Frederick Joseph Kinsman

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Frederick Joseph Kinsman (September 27, 1868, Warren, Ohio - June 18, 1944, Lewiston, Maine) was an American Roman Catholic church historian who had formerly been a bishop of the Protestant Episcopal Church. From 1908 to 1919 he was Episcopal Bishop of Delaware.


Kinsman was educated at St. Paul's School, Concord, New Hampshire, and at Keble College, Oxford.[1] He served in the following positions:[1]

On June 3, 1908, Kinsman was elected third Episcopal Bishop of Delaware. He received the required two-thirds majority on the first ballot in both the clergy and lay conventions.[2] He was consecrated by Daniel Sylvester Tuttle assisted by Ozi W. Whitaker and William Woodruff Niles.

Kinsman was Episcopal Visitor of the Society of the Atonement, an Episcopalian religious community which later became Roman Catholic. In 1918 he was one of the Protestant Episcopalian delegates at an ecumenical meeting with representatives of the Greek Orthodox Church in New York City.[3]

On May 14, 1919, Kinsman announced his intention to resign as Episcopal Bishop of Delaware the following October.[4] He subsequently became a Roman Catholic. He was appointed professor of modern church history at The Catholic University of America.

Kinsman lived the last eleven years of his life at the Marcotte Nursing Home in Lewiston, Maine, and died there in 1944.[5]


Kinsman was the author of numerous works including:

  • Principles of Anglicanism (New York: Longmans, Green, 1910)
  • Catholic and Protestant (New York: Longmans, Green, 1913)
  • Prayers for the Dead (Milwaukee: Young Churchman, 1915)
  • Issues before the Church (New York: Edwin S. Gorham, 1915)
  • Outlines of the History of the Church (Milwaukee: Morehouse, 1916)
  • Salve Mater (New York: Longmans, Green, 1920)
  • Trent: Four Lectures on Practical Aspects of the Council of Trent (New York: Longmans, Green, 1921)
  • Americanism and Catholicism (New York: Longmans, Green, 1924)
  • "St Cyprian", Sign Magazine 5 (January 1926).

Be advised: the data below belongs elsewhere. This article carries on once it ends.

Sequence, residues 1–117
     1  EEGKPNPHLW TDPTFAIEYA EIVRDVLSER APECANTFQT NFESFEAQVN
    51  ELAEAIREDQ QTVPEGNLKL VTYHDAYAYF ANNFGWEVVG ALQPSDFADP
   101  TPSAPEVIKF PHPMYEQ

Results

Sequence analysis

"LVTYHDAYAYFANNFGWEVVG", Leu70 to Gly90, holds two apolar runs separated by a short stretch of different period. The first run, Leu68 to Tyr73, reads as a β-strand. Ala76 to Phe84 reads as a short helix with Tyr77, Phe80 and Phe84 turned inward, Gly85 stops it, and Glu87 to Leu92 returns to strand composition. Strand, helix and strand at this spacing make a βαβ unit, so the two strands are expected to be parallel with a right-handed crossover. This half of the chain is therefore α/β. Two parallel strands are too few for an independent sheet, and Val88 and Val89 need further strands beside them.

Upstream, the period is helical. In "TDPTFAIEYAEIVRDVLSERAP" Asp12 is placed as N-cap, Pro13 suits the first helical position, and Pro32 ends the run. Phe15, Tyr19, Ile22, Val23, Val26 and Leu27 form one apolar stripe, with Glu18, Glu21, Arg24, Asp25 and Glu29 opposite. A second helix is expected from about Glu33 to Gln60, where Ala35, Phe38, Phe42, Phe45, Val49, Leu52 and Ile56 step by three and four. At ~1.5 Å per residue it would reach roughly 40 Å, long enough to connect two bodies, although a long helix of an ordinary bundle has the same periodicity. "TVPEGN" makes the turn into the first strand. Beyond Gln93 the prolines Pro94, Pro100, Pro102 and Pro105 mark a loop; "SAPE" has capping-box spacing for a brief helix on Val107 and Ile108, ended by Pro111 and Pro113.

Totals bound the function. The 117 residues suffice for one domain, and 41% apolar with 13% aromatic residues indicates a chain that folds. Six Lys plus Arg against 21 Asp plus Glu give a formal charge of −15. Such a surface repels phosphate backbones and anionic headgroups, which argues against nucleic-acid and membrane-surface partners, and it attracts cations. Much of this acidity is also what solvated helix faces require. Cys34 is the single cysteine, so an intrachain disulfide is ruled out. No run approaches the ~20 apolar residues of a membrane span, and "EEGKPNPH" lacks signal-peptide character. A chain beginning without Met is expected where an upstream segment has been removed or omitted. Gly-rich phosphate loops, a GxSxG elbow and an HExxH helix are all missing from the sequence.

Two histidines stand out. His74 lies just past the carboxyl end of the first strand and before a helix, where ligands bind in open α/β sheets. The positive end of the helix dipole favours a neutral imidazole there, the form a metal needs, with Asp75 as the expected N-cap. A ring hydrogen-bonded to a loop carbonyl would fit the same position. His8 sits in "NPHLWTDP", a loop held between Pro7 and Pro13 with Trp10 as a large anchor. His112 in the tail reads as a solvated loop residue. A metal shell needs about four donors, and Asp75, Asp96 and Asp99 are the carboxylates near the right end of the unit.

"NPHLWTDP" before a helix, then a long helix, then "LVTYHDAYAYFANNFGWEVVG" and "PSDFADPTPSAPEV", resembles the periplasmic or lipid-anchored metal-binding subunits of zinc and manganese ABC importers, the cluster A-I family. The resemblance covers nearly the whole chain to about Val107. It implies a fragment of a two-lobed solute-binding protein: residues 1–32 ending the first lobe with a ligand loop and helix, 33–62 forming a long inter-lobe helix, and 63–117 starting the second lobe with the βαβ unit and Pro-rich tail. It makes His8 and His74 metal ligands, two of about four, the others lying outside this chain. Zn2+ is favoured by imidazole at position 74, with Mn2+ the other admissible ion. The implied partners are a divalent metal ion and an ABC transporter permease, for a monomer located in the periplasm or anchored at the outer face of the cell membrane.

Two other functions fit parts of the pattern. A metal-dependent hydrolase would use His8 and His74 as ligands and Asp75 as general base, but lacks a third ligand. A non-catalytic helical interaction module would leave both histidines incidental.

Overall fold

• The Failure of Anglicanism (London: Catholic Truth Society, 1929)
  • Reveries of A Hermit (New York: Longmans, Green, 1936)
  • Book review of Autobiography of Gilbert Keith Chesterton, Catholic Historical Review 23 (April 1937): 94-96.


  1. ^ a b "Dr. Kinsman to be Bishop", The New York Times (June 3, 1908).
  2. ^ "Kinsman Made Bishop", The New York Times (June 4, 1908).
  3. ^ The Episcopal and Greek Churches: Report of an Unofficial Conference on Unity Between Members of the Episcopal Church in America and His Grace, Meletios Metaxakis, Metropolitan of Athens, and His Advisers, October 26, 1918. New York: Department of Missions, 1920.
  4. ^ "Kinsman Resigns as Delaware Bishop", The New York Times (May 15, 1919).
  5. ^ Edwin A. Dugan, "Frederick Joseph Kinsman", Catholic World 159 (September 1944): 522.

Further reading[edit]

  • Dugan, Edwin A. "Frederick Joseph Kinsman". Catholic World 159 (September 1944): 522-29.
  • Lewis, Leicester C. "[Review of] Salve Mater". Anglican Theological Review 3 (May 1920): 78-83.
  • Riccio, Barry D. "American Catholic Thought in the Nineteen Twenties: Frederick Joseph Kinsman and George Shuster". In American Church: Essays on the Americanization of the Catholic Church, edited by David J. Alvarez. Moraga, CA: Saint Mary's College of California, 1979, 113-23.

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